Labor and Treasury officials advised states to use pandemic funds to continue paying out unemployment benefits after they’ve expired even as a record 10 million new jobs remain available.

The Biden administration last week told lawmakers in a letter it is “appropriate” for expanded unemployment benefits to expire on September 6th.

More than 11 million jobless workers could see their jobless benefits expire or see their aid reduced by $300 a week.

But that didn’t stop them from offering a workaround.

Treasury Secretary Janet Yellen and Labor Secretary Marty Walsh sent a letter to Senate Finance Committee Chairman Ron Wyden and House Ways and Means Committee Chairman Richard Neal advising on ways to circumvent the expiration date set by Congress.

“The American Rescue Plan allocated $350 billion to state and local governments to support communities’ continuing response to the pandemic, address its economic impacts, and lay the groundwork for a strong and equitable recovery,” the letter reads.

“Now, in states where a more gradual wind-down of income support for unemployed workers makes sense based on local economic conditions, American Rescue Plan funds can be activated to cover the cost of providing assistance to unemployed workers beyond Sept. 6,” they write.

RELATED: Report: Half Of Pandemic Unemployment Relief Money May Have Been ‘Stolen’

Extend Unemployment Benefits Despite Record Number of Available Jobs

The ploy to continue paying out unemployment benefits by circumventing a congressionally set deadline comes even as reports indicate there are a record number of jobs available.

Forbes earlier this month, based on a Job Openings and Labor Turnover Survey (JOLTS) report, indicated that “a record-setting 10.1 million jobs are available.”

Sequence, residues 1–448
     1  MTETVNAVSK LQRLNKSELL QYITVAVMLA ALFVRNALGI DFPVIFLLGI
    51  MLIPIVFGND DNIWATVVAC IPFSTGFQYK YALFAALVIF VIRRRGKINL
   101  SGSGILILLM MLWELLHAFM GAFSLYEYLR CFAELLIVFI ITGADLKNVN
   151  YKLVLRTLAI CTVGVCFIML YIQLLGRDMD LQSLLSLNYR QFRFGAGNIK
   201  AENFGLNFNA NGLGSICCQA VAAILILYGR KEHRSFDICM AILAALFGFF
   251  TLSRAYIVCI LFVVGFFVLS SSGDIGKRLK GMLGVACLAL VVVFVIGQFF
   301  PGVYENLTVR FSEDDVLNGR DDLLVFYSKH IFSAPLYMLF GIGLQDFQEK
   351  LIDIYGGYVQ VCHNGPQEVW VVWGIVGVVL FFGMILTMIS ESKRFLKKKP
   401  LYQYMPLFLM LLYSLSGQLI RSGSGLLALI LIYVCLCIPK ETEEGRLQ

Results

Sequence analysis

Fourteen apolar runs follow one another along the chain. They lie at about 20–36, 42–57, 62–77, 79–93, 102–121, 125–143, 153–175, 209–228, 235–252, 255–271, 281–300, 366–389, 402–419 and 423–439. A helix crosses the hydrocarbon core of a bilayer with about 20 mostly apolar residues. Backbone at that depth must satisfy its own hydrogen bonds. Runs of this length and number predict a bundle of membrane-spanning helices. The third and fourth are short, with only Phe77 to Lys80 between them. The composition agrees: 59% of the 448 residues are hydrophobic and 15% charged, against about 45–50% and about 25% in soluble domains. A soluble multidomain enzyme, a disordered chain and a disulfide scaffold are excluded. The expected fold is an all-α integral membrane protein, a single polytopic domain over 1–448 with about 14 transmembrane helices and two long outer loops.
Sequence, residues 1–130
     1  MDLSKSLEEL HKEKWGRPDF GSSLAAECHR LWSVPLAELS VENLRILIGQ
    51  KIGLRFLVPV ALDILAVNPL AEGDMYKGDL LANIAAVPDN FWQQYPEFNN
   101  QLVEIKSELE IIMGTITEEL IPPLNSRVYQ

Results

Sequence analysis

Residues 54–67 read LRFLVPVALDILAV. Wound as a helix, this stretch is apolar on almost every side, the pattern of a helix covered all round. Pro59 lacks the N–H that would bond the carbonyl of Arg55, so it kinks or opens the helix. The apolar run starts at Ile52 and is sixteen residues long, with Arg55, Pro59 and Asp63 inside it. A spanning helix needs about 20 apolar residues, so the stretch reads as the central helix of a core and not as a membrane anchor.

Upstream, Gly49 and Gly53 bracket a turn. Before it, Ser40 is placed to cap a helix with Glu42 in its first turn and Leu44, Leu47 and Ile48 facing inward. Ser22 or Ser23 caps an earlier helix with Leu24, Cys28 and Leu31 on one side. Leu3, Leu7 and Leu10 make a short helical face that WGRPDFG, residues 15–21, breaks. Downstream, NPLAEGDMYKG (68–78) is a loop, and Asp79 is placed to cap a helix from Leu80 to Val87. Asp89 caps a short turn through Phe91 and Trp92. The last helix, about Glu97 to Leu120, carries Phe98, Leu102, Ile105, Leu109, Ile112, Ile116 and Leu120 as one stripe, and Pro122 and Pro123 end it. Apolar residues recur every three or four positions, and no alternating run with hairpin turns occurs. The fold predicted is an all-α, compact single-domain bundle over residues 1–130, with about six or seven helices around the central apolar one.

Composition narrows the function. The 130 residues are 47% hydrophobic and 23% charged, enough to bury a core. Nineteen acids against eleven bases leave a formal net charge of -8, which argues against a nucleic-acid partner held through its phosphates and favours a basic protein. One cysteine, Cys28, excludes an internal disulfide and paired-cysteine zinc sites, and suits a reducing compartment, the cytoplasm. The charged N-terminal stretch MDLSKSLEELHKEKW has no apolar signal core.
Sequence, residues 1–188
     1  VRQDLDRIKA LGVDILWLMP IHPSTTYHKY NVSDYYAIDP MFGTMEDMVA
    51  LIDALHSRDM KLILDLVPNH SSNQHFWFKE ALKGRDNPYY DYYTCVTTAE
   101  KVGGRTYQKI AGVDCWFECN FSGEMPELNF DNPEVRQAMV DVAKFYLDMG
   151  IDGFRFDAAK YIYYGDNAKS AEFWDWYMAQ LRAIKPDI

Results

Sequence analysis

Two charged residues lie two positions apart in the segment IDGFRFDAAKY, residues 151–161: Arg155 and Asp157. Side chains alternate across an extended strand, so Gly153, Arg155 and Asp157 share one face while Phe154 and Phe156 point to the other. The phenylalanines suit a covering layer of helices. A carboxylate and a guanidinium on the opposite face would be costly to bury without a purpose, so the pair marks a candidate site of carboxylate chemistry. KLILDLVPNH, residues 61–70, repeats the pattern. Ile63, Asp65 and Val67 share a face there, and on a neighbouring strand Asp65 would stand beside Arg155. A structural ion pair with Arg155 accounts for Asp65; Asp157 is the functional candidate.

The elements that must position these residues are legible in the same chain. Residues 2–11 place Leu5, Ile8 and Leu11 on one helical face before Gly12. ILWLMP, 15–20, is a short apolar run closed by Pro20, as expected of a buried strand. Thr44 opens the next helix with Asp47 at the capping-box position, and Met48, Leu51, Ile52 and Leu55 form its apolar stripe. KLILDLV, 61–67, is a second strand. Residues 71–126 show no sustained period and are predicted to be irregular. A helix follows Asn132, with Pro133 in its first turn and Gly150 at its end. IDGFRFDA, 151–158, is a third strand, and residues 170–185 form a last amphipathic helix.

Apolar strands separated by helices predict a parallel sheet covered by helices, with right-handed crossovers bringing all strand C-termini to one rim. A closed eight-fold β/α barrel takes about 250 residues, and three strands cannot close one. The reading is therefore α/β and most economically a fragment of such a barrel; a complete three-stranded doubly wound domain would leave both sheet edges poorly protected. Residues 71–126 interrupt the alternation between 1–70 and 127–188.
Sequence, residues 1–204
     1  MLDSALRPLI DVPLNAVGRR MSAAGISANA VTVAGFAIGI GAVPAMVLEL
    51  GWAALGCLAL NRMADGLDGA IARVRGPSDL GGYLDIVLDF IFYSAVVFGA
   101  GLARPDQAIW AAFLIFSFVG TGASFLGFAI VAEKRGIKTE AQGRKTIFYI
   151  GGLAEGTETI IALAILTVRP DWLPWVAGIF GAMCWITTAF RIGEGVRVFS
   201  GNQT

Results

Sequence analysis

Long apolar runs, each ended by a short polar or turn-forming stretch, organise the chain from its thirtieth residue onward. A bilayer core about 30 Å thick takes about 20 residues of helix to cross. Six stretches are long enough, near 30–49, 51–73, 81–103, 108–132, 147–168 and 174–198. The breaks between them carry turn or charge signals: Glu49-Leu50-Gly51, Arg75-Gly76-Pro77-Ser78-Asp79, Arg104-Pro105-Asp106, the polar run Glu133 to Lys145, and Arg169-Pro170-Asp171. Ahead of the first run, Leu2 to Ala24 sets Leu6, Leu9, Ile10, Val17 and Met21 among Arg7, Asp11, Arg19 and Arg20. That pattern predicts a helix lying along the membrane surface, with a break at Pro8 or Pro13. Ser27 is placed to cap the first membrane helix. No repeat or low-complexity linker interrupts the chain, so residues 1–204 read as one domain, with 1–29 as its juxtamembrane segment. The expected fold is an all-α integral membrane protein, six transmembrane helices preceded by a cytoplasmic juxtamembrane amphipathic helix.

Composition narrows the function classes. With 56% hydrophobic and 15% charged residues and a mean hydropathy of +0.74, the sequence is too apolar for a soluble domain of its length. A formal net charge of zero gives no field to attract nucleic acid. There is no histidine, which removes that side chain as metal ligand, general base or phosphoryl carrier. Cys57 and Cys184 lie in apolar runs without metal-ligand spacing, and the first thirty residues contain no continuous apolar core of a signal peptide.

“Ironically,” they write, “the good news created a new problem.”

“Businesses can’t find employees due to the huge increase in demand for workers.”

The publication claims the employees aren’t connecting with the available jobs because they feel “comfortable and confident in quitting their jobs to find a better one.”

RELATED: Weekly Jobless Claims Climb Well Above Expectations

Could It Be the Benefits?

Republicans have argued that it is the unemployment benefits themselves that are contributing to so many available jobs.

The benefits, they argue, have been too attractive, preventing people from getting motivated to enter the workforce.

Fox Business blamed the government for paying people not to work stating, “extended unemployment benefits encouraged workers to stay home.”

Katherine Judge, an economist at CIBC Capital Markets, practically confirms this according to Bloomberg News.

“Our research suggests that generous unemployment benefit supplements have been the main factor holding employment gains back amidst record levels of job openings,” Judge said.

President Biden has countered that people aren’t coming back to work because businesses aren’t paying them enough, echoing Forbes’ reporting.

Speaking at a town hall last month, Biden told a concerned restaurant owner that the key to getting people back to work is to simply pay them more.

“My guess is that people paying seven, eight dollars an hour plus tips, that’s — I think, John, you’re going to be finding 15 bucks an hour or more now,” he told the businessman.

“My gut tells me that … there’s a lot of people looking to change their occupation. But I could be wrong,” he said. “I think it really is a matter of people deciding now that they have opportunities to do other things and there’s a shortage of employees.”

A Morning Consult survey from July cites unemployment benefits as one of the top three reasons people had turned down job offers.

“I receive enough money from unemployment insurance without having to work,” ranked third as a reason behind pandemic concerns and childcare obligations, which was the leading cause.

 

 

 

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